An investment scam is a fake business investment opportunity that fraudsters, masquerading as business owners, present to their unsuspecting victims online or even in person by convincing them to invest in some non-existent business.
While these businesses look legitimate; since they sell genuinity, further scrutiny would reveal the cunning tortoise underneath. Their aim is to sell get-rich-quick schemes, and promise impossible ROIs to investors and abscond after.
Investment scams are getting harder to spot, but there are some signs to look out for to help protect your hard-earned money.
Some of the popular investment scams that have absconded with investors’ funds are MMM, MBA forex, Meco enterprises, Chimark, Pyoyo, Eatrich farms, Ovaoiza farms and others.
In 2022 alone, thousands of Nigerians have lost billions of naira due to investment scams. The internet, rapid development in digital communications, and the get-rich-quick syndrome have made it easy for these scams to go viral quickly.
How to spot an investment scam
Read also: How to identify scam accounts on Instagram
1. Too good to be true
If it is too good to be true then the chances that it is a scam are very high.
RUN! In this instance, listen to the part of your instinct that says ‘do not do it’. Save your money instead.
2. Ridiculous Return on Investment (ROI)
If you come across an investment opportunity that promises you 80% ROI, it is definitely an investment scam. The highest percentage any genuine investment should offer is probably 20% ROI and it has to be on a long term basis.
Any business that promises you 60% ROI every month is a scam, as they are counting on your greed and ignorance and your desire for quick wealth. Avoid investments that promise a heavy and quick return on investment. it is a scam.
3. Celebrity/influencers don’t confirm the business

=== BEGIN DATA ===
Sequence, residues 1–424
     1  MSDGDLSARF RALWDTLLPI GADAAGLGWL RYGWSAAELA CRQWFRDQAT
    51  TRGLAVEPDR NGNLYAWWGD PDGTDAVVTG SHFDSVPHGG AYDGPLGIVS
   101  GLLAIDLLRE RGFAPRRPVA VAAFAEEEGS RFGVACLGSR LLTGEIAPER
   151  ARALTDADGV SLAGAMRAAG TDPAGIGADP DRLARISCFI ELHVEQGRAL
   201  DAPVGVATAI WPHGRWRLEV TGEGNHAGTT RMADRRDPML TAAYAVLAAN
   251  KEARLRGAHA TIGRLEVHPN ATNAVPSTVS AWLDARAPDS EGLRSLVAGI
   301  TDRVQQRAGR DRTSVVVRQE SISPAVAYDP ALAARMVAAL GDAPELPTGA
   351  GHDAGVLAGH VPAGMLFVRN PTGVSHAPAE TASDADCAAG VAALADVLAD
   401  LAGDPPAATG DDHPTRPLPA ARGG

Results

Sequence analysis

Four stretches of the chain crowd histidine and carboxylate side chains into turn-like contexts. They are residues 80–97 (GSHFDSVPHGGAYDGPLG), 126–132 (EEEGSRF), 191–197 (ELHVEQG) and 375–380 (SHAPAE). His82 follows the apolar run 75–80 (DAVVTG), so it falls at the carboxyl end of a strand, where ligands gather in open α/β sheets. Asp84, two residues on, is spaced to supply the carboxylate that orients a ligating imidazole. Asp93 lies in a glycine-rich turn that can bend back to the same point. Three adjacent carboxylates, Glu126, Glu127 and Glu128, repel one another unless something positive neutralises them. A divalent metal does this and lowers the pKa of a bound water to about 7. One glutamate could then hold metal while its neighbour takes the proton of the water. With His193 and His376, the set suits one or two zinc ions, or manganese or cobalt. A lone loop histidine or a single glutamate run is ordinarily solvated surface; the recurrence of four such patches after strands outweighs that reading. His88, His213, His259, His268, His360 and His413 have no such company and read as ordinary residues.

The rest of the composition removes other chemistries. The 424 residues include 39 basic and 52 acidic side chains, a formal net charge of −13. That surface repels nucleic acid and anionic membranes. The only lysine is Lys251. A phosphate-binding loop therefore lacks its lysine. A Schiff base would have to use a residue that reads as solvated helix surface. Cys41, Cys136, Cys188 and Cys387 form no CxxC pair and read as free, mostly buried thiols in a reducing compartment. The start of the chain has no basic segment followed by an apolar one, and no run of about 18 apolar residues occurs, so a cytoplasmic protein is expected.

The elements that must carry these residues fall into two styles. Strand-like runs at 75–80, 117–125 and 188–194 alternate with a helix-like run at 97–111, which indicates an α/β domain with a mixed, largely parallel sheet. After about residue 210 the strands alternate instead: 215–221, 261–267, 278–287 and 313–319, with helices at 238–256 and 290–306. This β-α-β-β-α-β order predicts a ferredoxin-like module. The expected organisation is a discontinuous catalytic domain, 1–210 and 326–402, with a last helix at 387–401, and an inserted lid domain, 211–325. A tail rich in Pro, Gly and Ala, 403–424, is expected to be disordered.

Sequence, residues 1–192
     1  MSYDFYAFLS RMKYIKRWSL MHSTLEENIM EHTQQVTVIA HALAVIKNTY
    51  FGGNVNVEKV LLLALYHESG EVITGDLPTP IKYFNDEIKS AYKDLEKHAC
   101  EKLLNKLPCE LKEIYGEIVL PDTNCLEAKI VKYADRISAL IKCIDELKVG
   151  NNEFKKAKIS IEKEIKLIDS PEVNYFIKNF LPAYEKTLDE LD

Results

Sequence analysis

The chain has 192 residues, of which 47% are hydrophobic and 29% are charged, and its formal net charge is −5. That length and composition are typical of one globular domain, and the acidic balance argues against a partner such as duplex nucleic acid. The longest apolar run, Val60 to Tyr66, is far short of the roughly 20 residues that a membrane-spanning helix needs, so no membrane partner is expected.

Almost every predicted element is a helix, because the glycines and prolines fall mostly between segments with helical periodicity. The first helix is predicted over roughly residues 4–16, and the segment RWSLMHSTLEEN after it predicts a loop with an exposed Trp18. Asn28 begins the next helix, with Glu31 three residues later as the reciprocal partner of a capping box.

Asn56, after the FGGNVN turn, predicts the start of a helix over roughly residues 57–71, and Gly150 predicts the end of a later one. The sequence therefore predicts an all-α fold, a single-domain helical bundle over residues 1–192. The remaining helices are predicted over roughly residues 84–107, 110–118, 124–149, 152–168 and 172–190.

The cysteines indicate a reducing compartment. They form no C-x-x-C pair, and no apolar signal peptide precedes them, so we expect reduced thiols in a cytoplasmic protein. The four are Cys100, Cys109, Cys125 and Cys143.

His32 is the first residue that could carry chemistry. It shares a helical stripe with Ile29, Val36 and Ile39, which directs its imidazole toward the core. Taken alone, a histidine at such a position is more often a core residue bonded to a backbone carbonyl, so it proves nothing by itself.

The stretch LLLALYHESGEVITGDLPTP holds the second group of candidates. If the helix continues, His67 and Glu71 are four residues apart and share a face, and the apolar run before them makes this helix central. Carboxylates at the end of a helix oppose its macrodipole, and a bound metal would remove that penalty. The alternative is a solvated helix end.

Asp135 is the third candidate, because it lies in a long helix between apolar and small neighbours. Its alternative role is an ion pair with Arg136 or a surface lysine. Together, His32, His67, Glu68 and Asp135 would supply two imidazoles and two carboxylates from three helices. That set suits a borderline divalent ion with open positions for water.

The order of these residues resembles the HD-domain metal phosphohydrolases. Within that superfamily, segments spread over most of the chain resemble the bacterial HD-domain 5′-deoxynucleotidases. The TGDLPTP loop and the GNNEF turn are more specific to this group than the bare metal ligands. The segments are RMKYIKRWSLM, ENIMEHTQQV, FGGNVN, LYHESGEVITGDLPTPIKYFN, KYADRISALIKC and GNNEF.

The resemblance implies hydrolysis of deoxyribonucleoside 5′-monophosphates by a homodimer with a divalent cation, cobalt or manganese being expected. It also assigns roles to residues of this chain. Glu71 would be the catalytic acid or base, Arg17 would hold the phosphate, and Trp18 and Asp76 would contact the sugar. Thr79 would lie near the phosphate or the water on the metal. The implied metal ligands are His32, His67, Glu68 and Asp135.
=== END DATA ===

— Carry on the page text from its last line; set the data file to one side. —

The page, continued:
There are people, especially here in Nigeria, who seem not to realise that when a celebrity or their favourite influencer makes a video of a product or some business or investment, it is a paid advert.
The target is the huge following of the celebrity or influencer. They hope to sell to followers who believe the influencer is the ultimate determiner of the legality of an investment or a business.
If your favourite celebrity or influencer advertises an investment opportunity that piques your interest, do not rush it.
If you recall the case of Racksterli investment, a purported investment platform that was promoted by some top celebrities and scammed millions of people within nine months, you may want to hear us out.
Do your due diligence, proper research, and speak to professional investment business advisers before committing your funds to that business.
4. Signup commissions after investment
If they promise commissions to customers who can introduce other people to invest, turn around, as no legitimate investment schemes offer commissions to investors for referrals.
So, whenever you come across “bring three people and get 40% commission” or “invest and stand a chance to win a car” or “everyone is investing” or “only ten spots left, invest now and stand a chance to win an all-expense-paid trip abroad”, please turn around.
5. Not registered with regulatory bodies
Fake investment schemes are usually not registered with regulators or the appropriate agencies.
Before you invest in an investment scheme, ensure they are fully registered by the relevant authorities. In Nigeria, the Securities Exchange Commission is the body that oversees investment companies.
The Securities and Exchange Commission “oversees securities exchanges, securities brokers and dealers, investment advisors, and mutual funds in an effort to promote fair dealing, the disclosure of important market information, and to prevent fraud.”
To check if the company is registered with SEC visit their website http://www.sec.gov.ng, to verify the company you are about to invest with is registered.
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